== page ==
Cullman’s 2013 season-ending loss to Athens was far from the end of the road for the Black and Gold’s boys basketball program.
Rather, one could look back on the loss a year later and have little trouble thinking it was nothing but a tremendous blessing in disguise for the Bearcats — or maybe, a “Fast32” rebirth of sorts for coach Bobby Meyer’s squad.
The Black and Gold’s change in program philosophy to a more “high-octane offense and in-your-face defense” reaped myriad benefits for the team during the 2013-14 campaign.
Cullman went 24-8, finished No. 10 in the Class 5A poll and notched a state-best regular season 82.47 points per game.
The Bearcats clinched an area tournament crown — just their third in the past nine seasons — and secured a spot at Wallace State for the Northwest Regional Tournament, where they came up just a bit short to eventual state champion Parker, 58-50.
The fun began far before, as Cullman scored 100 points in three games, 90-plus in six and 80 or more in five. Only three times did they fail to cross the 70-point threshold during their 32 contests this past season.
If the Black and Gold were a science experiment, then the man behind that curtain — the mastermind, one could opine — was Meyer, who seemed to press all the right buttons and make all the right calls for his group of players this year.
However, his most important decision was the one where he chose to bring “Fast32” inside the walls of the school’s gym.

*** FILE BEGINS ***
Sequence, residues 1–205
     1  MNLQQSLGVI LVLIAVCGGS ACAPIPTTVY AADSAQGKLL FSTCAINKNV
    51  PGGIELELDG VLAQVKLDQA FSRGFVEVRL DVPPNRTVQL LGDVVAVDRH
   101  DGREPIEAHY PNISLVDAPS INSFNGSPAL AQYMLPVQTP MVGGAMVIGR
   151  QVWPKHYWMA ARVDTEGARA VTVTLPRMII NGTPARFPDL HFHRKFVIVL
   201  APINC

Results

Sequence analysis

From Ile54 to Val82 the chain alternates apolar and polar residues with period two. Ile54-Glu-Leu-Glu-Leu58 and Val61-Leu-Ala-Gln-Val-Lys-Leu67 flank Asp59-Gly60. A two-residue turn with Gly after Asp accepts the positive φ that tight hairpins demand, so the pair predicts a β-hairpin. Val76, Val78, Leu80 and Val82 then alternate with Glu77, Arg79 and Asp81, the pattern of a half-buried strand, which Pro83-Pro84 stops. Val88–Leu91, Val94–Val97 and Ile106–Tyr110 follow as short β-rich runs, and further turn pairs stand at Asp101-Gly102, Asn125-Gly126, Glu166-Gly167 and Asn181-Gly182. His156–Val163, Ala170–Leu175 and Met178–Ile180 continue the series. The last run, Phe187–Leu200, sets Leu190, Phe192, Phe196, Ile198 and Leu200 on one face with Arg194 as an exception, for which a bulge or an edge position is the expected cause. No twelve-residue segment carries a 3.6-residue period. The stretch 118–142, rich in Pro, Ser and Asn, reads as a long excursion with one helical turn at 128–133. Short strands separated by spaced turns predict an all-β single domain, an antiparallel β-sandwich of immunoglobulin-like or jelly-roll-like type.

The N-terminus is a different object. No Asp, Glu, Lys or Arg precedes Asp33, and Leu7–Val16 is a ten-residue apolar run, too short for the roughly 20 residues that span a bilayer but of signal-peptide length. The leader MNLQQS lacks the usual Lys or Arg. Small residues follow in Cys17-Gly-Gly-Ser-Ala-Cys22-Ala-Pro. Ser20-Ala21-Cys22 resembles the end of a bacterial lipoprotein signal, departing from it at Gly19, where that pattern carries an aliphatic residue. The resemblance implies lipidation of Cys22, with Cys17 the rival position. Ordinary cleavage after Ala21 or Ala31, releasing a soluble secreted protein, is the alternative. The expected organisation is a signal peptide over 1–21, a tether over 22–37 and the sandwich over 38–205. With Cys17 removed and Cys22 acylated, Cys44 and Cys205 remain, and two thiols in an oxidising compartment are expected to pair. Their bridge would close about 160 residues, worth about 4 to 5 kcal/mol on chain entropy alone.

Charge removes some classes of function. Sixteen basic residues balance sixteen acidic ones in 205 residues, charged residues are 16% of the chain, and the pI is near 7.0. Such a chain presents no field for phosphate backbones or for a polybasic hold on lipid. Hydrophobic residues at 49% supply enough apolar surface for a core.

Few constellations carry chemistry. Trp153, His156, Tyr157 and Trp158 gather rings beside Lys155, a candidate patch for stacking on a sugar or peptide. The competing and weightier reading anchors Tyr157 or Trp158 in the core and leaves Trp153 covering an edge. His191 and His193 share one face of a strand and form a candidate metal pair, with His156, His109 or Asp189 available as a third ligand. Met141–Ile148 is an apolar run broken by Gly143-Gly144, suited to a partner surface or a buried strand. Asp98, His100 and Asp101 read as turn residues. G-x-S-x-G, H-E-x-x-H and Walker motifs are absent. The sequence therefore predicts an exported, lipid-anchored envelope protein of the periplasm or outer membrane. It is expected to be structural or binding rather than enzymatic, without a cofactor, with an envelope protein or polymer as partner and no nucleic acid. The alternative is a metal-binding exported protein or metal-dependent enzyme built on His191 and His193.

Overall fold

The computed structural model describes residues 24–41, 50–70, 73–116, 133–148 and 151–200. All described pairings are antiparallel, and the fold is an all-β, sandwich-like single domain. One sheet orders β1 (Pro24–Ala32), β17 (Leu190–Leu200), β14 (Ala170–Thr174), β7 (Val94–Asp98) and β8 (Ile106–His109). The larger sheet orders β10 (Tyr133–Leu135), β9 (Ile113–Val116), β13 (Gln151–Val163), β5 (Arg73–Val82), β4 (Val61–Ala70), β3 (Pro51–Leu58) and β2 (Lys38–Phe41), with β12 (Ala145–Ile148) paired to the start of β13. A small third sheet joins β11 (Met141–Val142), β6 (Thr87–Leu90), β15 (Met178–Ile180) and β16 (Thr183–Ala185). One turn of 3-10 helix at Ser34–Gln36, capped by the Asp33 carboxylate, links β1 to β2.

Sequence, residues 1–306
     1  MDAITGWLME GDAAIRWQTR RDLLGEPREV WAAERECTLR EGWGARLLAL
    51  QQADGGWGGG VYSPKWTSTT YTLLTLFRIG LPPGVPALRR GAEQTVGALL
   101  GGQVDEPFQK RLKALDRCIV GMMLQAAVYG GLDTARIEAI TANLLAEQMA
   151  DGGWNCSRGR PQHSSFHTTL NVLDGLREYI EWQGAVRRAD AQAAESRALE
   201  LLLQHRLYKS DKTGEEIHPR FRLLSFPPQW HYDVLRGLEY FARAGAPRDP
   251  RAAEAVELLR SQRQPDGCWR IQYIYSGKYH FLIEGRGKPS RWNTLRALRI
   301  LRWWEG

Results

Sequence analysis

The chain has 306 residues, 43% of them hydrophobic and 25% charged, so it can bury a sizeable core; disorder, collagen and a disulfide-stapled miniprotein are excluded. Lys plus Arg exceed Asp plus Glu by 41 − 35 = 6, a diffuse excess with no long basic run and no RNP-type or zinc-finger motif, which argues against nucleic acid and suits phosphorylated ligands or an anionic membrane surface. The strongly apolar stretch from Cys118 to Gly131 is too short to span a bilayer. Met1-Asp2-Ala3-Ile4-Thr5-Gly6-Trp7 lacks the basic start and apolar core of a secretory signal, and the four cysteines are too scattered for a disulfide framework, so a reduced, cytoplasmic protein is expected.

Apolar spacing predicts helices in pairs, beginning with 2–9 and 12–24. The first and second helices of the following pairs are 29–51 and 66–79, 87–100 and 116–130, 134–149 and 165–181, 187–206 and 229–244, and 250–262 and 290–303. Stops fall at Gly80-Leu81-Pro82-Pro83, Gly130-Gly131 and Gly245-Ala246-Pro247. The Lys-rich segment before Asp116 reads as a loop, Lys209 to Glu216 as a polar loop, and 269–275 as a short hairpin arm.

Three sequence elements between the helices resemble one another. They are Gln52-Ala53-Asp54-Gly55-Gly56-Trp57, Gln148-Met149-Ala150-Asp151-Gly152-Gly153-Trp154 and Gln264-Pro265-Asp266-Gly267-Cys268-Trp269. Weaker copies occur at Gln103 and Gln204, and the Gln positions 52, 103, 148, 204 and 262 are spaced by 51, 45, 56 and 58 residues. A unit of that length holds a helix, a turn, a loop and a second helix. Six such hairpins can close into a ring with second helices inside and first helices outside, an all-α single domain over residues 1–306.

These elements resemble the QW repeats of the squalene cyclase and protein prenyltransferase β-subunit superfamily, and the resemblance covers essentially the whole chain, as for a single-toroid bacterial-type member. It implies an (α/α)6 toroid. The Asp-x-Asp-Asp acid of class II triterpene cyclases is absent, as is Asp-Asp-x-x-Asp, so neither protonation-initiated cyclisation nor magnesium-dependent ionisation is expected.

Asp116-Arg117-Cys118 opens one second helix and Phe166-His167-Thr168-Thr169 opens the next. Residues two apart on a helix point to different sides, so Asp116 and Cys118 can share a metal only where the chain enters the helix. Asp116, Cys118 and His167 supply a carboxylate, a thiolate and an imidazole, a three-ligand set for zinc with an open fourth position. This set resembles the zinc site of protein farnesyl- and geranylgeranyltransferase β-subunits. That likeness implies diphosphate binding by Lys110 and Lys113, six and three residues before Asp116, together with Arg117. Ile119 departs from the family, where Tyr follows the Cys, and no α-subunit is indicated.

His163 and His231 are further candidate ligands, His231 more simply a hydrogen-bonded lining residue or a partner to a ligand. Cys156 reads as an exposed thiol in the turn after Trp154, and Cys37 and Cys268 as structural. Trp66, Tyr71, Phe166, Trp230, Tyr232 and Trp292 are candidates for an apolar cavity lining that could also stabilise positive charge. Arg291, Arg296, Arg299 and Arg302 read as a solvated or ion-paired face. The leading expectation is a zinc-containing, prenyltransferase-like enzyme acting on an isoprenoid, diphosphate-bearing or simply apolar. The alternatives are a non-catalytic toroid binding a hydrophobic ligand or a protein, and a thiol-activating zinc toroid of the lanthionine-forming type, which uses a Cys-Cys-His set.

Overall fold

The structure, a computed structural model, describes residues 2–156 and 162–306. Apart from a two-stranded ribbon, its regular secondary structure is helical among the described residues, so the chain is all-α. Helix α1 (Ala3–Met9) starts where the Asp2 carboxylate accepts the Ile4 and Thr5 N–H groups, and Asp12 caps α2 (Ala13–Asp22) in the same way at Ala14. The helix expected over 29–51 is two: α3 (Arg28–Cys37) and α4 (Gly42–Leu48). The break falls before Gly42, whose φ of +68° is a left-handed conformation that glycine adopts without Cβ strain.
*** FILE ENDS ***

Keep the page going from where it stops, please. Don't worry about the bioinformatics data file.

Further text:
And for that reason — and the many listed above — Meyer was the Alabama Sports Writers Association’s clear choice for 5A Coach of the Year.
The ASWA wasn’t the only one who thought highly of Meyer this past season, either, as junior point guard, a first teamer, Lawson Schaffer can attest.
“Coach Meyer is by far the greatest coach I’ve ever had,” he said. “I think he’s one of, if not, the best coach in Alabama. He knows the game so well, and he’s so wise. He shows that he is comfortable with anything that concerns basketball.”
Meyer began his coaching career back in the 1998-99 season at his alma mater, Vinemont, where he led the Eagles to their first state championship appearance in 2003.
He spent 12 years with the Red and White before accepting the job at Cullman in 2010. His greatest challenge right after didn’t come on the basketball court, but rather, garnering the trust of the players he was inheriting from coach Mike Dean.
Auston Neal and Keaton Dean — both freshman in Meyer’s first season on the bench with the Bearcats — received four years worth of coaching from a man they both said “needed and had to gain our trust early on.”
“Immediately, he had to get us working for him and that did not take any time at all because he is such a personable guy,” Dean said. “We had such a good time playing for him that it’d make all the hard work we were putting in that much easier.”
Added Neal: “Once we got a year in us, we really developed that trust and that led us to Wallace the next season. It kept going from there into what you see today.”